\com\frac{\fd B}{\fd v}\rpb
-\beta \lpb\frac{\fd A}{\fd v}
\com\frac{\fd B}{\fd p}\rpb\r)\r\rgroup.
\end{eqnarray*}
The term proportional to $\beta$ is an obstruction to the semidirect product
structure, and it cannot be removed by a coordinate transformation.
The theory that deals with the classification of extensions is Lie algebra
cohomology. In general the way to extend a bracket is by adding a nontrivial
{\it cocycle}. Though a priori there are an infinite number of ways to make
an extension, for low dimensions, after allowing for coordinate
transformations, very few possibilities remain; we have classified these in
Ref.~\onlinecite{JLTinprep}. We have also found all the Casimir invariants
for the low-dimensional brackets (five fields or less).
The Casimirs of the above bracket are
\begin{eqnarray*}
&&C_1[\psi] = \int_D\,f(\psi)\,d^2x,\ \ \ \ \ \ \ \ \
C_2[p;\psi] = \int_D\,p\, g(\psi)\,d^2x,\\
&&C_3[v;\psi] = \int_D\,v\, h(\psi)\,d^2x,\ \ \ \
C_4[\omega,v,p,\psi] = \int_D\,\l(\omega\, k(\psi)
+ \frac{v\,p}{\beta}\,k'(\psi)\r)\,d^2x.
\end{eqnarray*}
Finding the invariant $C_4$ directly from the equations of motion would be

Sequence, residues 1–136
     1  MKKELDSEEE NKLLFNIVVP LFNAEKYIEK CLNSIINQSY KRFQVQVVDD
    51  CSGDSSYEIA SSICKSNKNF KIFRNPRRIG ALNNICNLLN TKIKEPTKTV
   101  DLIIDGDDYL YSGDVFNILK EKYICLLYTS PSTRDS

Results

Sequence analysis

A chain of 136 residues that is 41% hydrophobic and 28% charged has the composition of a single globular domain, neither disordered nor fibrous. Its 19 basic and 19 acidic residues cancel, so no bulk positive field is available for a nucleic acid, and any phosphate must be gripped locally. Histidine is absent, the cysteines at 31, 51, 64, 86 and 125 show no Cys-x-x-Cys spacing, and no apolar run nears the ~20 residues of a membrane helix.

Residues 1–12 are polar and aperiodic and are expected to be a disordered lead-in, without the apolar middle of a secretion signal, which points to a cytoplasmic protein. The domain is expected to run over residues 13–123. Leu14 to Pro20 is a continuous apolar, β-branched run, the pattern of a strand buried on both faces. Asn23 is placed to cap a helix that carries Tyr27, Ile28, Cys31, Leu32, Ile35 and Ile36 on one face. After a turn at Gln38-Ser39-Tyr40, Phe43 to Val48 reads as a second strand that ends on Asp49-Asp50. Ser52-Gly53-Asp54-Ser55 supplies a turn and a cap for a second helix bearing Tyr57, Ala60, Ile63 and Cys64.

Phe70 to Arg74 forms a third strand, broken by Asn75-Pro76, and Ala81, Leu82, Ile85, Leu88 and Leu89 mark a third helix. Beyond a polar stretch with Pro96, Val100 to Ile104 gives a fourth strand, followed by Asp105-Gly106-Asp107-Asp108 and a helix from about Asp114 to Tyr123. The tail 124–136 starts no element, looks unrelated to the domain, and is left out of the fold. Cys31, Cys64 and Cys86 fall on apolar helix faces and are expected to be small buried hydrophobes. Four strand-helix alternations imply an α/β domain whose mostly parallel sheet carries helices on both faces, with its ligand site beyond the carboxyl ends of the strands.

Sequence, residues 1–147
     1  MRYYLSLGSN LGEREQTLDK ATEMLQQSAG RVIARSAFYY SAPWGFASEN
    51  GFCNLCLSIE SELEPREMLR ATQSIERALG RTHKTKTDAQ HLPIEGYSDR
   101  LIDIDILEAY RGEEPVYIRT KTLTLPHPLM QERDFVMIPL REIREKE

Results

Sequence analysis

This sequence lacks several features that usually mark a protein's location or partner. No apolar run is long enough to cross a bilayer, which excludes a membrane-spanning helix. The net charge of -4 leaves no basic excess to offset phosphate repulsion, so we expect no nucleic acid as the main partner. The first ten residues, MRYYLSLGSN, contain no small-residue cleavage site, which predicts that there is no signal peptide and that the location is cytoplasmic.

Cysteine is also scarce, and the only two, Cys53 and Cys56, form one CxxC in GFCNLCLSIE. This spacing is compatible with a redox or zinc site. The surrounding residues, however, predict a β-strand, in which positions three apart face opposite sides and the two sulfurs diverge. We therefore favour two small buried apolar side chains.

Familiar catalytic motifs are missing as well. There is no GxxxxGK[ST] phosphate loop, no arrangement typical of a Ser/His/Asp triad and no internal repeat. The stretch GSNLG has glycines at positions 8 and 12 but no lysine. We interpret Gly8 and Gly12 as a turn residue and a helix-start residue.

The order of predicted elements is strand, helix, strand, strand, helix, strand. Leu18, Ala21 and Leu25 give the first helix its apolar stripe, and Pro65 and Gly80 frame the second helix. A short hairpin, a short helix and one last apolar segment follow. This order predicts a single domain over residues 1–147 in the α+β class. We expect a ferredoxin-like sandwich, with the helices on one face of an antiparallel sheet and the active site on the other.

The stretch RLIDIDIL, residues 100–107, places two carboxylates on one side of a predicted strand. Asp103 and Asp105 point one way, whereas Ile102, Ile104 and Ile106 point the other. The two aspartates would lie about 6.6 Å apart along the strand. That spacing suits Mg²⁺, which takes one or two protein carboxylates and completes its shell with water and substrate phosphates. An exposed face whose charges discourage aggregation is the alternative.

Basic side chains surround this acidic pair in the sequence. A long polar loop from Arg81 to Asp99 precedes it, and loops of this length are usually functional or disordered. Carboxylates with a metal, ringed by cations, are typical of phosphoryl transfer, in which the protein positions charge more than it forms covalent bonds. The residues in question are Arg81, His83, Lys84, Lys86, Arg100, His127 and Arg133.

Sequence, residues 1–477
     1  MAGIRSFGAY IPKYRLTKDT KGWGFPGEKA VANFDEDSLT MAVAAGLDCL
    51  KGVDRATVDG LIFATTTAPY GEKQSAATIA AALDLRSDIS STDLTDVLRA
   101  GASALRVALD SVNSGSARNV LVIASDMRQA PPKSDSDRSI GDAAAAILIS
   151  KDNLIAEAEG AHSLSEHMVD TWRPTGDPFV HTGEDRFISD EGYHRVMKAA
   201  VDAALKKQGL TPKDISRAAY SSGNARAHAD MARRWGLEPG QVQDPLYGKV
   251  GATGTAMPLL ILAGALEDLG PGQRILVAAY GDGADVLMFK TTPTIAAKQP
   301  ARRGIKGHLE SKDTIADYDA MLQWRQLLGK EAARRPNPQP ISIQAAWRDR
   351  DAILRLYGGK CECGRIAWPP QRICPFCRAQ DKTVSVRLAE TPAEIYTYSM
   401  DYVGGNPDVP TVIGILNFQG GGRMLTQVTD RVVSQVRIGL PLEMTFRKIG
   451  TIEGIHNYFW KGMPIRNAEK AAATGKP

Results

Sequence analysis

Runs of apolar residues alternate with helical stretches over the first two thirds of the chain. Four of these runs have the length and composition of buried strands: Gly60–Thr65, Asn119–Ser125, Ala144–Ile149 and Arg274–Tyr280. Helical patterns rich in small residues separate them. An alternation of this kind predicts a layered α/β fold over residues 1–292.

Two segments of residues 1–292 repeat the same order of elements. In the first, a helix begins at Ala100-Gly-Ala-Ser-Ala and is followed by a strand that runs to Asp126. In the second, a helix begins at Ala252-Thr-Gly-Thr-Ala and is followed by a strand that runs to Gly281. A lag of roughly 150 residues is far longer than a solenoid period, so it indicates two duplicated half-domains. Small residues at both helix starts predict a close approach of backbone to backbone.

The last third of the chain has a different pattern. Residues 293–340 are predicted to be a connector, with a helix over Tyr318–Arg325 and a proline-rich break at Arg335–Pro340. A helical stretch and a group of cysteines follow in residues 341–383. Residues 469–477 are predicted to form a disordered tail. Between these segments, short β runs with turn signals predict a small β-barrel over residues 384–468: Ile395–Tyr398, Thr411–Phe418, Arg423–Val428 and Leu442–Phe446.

tedious, but is straightforward from the bracket. These Casimirs
do not allow a labeling of the fluid elements. The meaning of invariants of
the form of $C_1$, $C_2$, and $C_3$ was discussed in
Sections~\ref{sec:red2dfl} and~\ref{sec:lbrmhd}: the total magnetic flux,
pressure, and parallel velocity inside of any $\psi$-contour are preserved.
To understand $C_4$ we use the fact that~$\omega=\nabla^2\sf$ and then
integrate
by parts to obtain
\[
C_4[\omega,v,p,\psi] = \int_D\,\l(-\nabla\sf\cdot\nabla\psi
+ \frac{v\,p}{\beta}\r)\,k'(\psi)\,d^2x.
\]
The quantity in parentheses is thus invariant inside of any $\psi$-contour. It
can be shown that this is a remnant of the conservation in the full MHD model
of the cross helicity,
\[
V = \int_D {\bf v}\cdot{\bf B}\,d^2x\,,
\]
at second order in the inverse aspect ratio, while $C_3$ is a consequence of
preservation of this quantity at first order. Here ${\bf B}$ is the magnetic
field. As for $C_1$ and $C_2$ they are, respectively, the first and second
order remnants of the preservation of helicity,
\[
W = \int_D {\bf A}\cdot{\bf B}\,d^2x,
\]
where ${\bf A}$ is the magnetic vector potential.
%For $C_4$ we seek an